Letters Time to take periodontitis seriously

Periodontitis: bad medicine?

BMJ 2014; 348 doi: https://doi.org/10.1136/bmj.g3219 (Published 19 May 2014) Cite this as: BMJ 2014;348:g3219
  1. Michaël R Laurent, geriatrics registrar1
  1. 1University Hospitals Leuven, 3000 Leuven, Belgium
  1. michael.laurent{at}med.kuleuven.be

Chapple calls for more efforts to manage periodontitis.1 I agree that this condition is associated with stomatological disability. But before concluding that it is a chronic disease that puts half of all adults at risk of atherosclerotic cardiovascular disease, type 2 diabetes, and a host of inflammatory disorders, we need direct evidence from high quality blinded randomised controlled trials to prove causality.

The recent Diabetes and Periodontal Therapy Trial was the first serious trial (n=514) to examine periodontal therapy in type 2 diabetes. Contrary to previous small studies, it found that improving multiple dimensions of periodontitis did not improve glycaemic control.2 Future trials might need to use more aggressive treatment, with antibiotics and surgical intervention.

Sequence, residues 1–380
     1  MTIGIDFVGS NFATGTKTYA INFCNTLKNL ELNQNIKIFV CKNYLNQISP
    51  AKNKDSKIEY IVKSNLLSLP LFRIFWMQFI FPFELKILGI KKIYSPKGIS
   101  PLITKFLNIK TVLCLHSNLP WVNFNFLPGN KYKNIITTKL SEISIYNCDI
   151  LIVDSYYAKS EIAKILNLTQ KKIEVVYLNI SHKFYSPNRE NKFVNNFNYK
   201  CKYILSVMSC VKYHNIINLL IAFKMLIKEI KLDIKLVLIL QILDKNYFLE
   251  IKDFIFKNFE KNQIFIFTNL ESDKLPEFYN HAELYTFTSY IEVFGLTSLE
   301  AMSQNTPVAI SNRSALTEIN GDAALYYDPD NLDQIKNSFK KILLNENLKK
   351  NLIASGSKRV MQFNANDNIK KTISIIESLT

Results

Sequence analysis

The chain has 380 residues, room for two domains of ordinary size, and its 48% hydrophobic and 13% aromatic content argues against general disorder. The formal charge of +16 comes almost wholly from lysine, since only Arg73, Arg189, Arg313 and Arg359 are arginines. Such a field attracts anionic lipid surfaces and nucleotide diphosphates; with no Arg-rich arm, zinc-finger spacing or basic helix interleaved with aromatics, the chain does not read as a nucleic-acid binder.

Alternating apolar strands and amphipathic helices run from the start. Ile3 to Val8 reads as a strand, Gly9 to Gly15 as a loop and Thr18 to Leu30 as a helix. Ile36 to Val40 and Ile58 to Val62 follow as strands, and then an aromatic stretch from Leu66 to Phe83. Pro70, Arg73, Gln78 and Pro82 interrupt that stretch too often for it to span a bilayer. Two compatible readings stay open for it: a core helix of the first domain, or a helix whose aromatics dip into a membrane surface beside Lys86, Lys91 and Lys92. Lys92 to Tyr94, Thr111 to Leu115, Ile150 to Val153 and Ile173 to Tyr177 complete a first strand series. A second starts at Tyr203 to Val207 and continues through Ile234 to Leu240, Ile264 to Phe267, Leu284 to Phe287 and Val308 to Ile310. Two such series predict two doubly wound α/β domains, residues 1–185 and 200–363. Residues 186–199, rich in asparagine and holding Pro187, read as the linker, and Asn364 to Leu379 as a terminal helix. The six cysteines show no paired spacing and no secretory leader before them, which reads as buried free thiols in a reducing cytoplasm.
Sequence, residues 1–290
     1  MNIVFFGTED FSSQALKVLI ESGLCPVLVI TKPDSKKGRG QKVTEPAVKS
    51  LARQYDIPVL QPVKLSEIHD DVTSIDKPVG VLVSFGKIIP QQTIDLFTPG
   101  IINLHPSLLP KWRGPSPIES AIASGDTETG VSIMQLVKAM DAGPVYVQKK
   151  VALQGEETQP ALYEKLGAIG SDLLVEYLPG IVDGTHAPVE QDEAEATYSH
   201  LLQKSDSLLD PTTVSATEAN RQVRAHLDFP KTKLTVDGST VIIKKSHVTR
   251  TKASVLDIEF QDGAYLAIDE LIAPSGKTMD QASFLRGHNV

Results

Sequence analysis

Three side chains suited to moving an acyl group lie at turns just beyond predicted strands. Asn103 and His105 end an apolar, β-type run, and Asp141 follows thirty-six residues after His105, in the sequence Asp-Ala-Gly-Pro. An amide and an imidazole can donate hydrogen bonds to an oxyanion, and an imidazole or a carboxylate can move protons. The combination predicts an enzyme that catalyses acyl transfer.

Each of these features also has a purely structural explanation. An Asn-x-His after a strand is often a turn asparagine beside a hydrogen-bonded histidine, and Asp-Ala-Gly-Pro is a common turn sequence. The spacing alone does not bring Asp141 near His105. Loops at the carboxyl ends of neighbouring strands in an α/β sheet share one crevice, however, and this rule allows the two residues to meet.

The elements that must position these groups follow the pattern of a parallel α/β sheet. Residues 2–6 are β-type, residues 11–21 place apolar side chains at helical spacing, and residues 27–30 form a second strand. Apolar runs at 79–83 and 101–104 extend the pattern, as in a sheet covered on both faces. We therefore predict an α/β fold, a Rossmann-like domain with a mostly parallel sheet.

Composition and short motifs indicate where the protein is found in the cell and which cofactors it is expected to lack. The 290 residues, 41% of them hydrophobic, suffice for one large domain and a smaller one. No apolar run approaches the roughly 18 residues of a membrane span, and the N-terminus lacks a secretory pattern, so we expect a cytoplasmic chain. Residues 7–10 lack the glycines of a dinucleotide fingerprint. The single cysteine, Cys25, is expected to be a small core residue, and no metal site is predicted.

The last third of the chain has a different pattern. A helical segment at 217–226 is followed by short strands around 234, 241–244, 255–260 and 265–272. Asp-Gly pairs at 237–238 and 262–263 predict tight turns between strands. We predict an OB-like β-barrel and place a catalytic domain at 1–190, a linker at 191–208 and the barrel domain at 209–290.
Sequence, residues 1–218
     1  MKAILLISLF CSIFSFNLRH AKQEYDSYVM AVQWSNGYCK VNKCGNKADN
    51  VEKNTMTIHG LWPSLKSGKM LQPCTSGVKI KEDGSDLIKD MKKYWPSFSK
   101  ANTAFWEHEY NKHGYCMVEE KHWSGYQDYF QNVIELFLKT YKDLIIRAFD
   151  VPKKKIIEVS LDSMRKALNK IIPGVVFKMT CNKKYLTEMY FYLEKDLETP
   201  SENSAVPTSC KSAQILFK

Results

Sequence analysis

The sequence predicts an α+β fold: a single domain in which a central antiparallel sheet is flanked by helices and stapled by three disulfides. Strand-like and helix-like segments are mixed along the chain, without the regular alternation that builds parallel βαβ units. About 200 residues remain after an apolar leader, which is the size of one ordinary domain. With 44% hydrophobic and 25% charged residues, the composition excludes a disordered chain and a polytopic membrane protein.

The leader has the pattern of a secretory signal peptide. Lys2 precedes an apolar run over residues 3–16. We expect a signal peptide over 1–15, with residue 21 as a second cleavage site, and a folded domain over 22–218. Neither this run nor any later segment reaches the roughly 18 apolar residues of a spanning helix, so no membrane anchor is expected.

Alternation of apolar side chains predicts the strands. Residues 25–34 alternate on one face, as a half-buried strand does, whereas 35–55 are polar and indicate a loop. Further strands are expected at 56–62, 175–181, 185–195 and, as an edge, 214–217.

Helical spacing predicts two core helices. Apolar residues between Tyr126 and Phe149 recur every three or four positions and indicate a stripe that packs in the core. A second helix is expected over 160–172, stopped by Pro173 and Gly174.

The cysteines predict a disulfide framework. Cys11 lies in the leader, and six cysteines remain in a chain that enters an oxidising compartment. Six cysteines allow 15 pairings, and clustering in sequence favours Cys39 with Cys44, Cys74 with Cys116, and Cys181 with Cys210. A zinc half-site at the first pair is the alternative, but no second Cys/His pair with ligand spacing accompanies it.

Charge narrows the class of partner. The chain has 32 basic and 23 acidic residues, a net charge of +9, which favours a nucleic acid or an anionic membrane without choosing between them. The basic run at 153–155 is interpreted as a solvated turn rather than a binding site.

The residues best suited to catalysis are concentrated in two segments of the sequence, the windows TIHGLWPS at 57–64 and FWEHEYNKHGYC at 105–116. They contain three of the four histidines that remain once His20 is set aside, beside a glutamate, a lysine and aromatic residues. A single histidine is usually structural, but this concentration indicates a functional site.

It is likely that bad eating habits, smoking, and other lifestyle factors confound the associations between periodontitis and diabetes, chronic obstructive pulmonary disease, and cardiovascular disease in observational studies and small pilot trials. This is similar to vitamin D deficiency, which is common in the population and strongly associated in prospective observational studies with a wide range of disorders, although it has no effect on almost all disease specific endpoints in placebo controlled trials.3

Until we have proof of causality, periodontitis should be treated in its own right and be considered a marker for underlying disorders, but hopes of improving underlying comorbidities by periodontal interventions are likely to be in vain.


Cite this as: BMJ 2014;348:g3219


  • Competing interests: None declared.


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